Most intrapreneurs start their journey as someone with nothing more than good intentions. They want to help the company they work for to move forward. While having these good intentions is a great first step, it can get hard when it comes to finding ways to move their ideas along. There are many ways that a budding intrapreneur can approach this, from finding champions to help get their idea in front of the right people to just being persistent in their quest to make a positive change. Sometimes though, the problem is that their idea can just seem too abstract. So, how can an intrapreneur make their idea more tangible to help people understand it and see the possibilities?
When it’s hard to verbally express an idea, or the benefit that will come from implementing such an idea, you need to actually show people and make them feel it (sometimes literally, sometimes figuratively, and sometimes both). You can do this is by building a prototype. According to Walt Maclay, who wrote the article “Prototypes Help Intrapreneurs Drive Change” (which inspired this article), “At the simplest level, a prototype is an initial or preliminary model of a product. Prototypes can be used to test feasibility. Does the design function correctly? To test desirability, the prototype can be put in a customer’s hands to answer questions about how well the product satisfies the customer’s market requirements. […] Prototypes can be used to answer questions about how a product might fare within a market and allow developers to test their assumptions on a minimum viable product before spending lots of time, money and resources on an idea that might not sell.” In addition to what Maclay has listed in his description, they not only help an idea to evolve to the point where it can become a real product, but prototypes can also be used to just get an idea off the ground in the first place.
Many people may think of a prototype as a near fully functioning but not fully designed product. However, early stage prototypes can actually take many different forms. Maclay says, “In early stages, spreadsheets, illustrations, storyboards, wireframes, paper prototypes and other low fidelity prototypes may be sufficient to generate the feedback you need for initial buy-in. Later product decisions may require a functional prototype or proof of concept.” This is good news for intrapreneurs that might have a great idea, but not the technical skills to build it out. The point is that coming up with something even slightly more tangible than just words to describe an idea can be incredibly valuable in selling it through.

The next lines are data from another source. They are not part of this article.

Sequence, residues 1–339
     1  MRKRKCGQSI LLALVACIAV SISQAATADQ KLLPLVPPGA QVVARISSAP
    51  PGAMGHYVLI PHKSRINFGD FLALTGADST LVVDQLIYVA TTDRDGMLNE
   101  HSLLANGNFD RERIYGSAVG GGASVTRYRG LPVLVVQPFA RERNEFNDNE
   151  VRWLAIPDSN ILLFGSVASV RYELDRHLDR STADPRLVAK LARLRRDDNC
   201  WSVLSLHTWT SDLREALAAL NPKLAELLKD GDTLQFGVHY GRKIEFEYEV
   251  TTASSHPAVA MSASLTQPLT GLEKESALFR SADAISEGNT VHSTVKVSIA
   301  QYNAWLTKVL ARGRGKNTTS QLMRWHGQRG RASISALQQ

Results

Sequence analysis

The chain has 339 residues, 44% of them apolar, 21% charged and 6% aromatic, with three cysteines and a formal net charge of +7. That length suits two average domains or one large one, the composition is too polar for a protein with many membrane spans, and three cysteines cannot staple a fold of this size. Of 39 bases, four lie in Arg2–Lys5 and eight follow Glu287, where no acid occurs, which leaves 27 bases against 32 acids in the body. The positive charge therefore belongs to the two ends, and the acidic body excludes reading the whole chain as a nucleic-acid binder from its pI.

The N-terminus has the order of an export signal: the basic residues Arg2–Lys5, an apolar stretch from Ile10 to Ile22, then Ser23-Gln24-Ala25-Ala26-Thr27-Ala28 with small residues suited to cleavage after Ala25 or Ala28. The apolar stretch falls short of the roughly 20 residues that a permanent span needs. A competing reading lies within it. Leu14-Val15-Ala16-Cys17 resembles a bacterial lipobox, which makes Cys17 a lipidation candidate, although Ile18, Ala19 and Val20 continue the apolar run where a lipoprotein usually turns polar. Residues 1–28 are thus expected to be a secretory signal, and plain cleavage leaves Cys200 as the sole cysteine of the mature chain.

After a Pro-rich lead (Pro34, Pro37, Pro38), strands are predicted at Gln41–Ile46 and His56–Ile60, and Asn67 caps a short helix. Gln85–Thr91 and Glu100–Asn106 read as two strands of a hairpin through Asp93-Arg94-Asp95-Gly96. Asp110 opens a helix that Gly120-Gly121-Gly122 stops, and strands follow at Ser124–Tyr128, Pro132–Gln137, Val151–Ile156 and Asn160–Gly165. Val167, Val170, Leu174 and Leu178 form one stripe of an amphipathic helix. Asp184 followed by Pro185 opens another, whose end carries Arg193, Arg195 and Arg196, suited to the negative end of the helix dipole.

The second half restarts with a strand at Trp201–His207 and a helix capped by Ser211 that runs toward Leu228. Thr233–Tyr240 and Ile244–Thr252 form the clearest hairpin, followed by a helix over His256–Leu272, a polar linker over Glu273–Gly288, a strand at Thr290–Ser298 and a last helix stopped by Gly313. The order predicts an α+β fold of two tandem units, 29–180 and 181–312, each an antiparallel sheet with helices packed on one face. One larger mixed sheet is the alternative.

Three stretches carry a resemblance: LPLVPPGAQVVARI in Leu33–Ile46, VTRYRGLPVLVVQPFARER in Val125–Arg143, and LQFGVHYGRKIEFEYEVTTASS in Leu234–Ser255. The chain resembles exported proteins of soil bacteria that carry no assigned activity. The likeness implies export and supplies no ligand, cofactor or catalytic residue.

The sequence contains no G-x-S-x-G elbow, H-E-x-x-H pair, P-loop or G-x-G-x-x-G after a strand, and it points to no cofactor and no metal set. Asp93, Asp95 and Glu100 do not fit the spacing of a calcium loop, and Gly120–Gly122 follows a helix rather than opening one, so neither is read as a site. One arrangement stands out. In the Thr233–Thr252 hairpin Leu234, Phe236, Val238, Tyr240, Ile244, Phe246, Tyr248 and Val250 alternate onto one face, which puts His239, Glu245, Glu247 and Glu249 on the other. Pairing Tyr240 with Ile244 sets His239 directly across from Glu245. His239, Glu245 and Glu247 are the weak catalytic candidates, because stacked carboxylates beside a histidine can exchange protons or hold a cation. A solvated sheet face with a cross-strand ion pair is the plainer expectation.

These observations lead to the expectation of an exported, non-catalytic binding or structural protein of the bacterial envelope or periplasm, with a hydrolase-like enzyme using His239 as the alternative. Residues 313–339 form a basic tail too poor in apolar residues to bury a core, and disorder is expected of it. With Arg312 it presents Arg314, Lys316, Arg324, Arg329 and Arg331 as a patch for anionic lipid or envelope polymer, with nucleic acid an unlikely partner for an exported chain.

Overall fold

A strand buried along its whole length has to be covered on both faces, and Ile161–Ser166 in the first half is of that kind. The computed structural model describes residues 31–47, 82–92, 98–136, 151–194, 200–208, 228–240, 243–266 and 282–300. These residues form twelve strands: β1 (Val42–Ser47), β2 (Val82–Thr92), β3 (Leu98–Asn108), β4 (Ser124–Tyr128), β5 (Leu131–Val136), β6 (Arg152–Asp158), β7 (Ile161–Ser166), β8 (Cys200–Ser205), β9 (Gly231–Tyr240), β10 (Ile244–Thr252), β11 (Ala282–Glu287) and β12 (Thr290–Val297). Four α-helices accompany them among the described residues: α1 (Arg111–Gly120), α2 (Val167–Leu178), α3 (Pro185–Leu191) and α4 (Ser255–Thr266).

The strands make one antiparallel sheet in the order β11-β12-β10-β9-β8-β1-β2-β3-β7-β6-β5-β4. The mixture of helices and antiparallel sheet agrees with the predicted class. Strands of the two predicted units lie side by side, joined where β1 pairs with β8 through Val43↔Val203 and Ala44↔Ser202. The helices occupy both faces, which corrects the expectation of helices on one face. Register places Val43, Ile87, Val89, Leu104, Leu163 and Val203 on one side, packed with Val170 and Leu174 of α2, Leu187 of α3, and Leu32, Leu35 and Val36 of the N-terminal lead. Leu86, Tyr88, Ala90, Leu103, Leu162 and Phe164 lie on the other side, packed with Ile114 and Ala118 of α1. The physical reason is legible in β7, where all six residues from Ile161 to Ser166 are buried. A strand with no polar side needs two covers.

Selling your idea through is just one of the benefits of creating a prototype. Maclay states that there are three reasons why prototypes are actually quite helpful for innovative ideas:
- Ability to quickly test assumptions
- Quickly learn about users and technology integrations (what works and who is interested)
- Ability to make progress for development (get additional funding)
First, a prototype can help an intrapreneur test out their idea. It’s one thing to come up with an idea, but sometimes no one knows if an idea will actually have legs until it’s tested. Building a prototype (in any of the formats mentioned above) can help with starting to test how the finished product might be received, or if the idea can even be executed (it’s not a bad thing to aim for the sky, but it still needs to be achievable).
Building on that idea, the second thing that a prototype can be useful for is quickly learning more that can help support your idea or how things may need to change before pursuing the idea in full. Allowing people to get more involved with an idea will help to flush out the parts of it that work, the parts that don’t, and bring to light things that may not have even been thought about with the initial concept.
Lastly, and bringing us full circle, a prototype can help show that this is more than just an out of the blue idea. Creating something that helps to better show off an idea also shows that more thought has been put behind it, whether the thoughts are what it might look like, how it might actually work, how it can change things in the future, and more. By just having that extra layer of work to back up an idea, there’s a greater chance that it will be taken seriously and given a chance to move forward. Maclay says this can help secure additional funding, but it can also help to secure the initial buy-in to receive funding or support in the first place.
Creating a prototype around a project that hasn’t even been green-lit yet may seem like extra work to some people, but for intrapreneurs that have the motivation, a prototype will also help your idea to find life.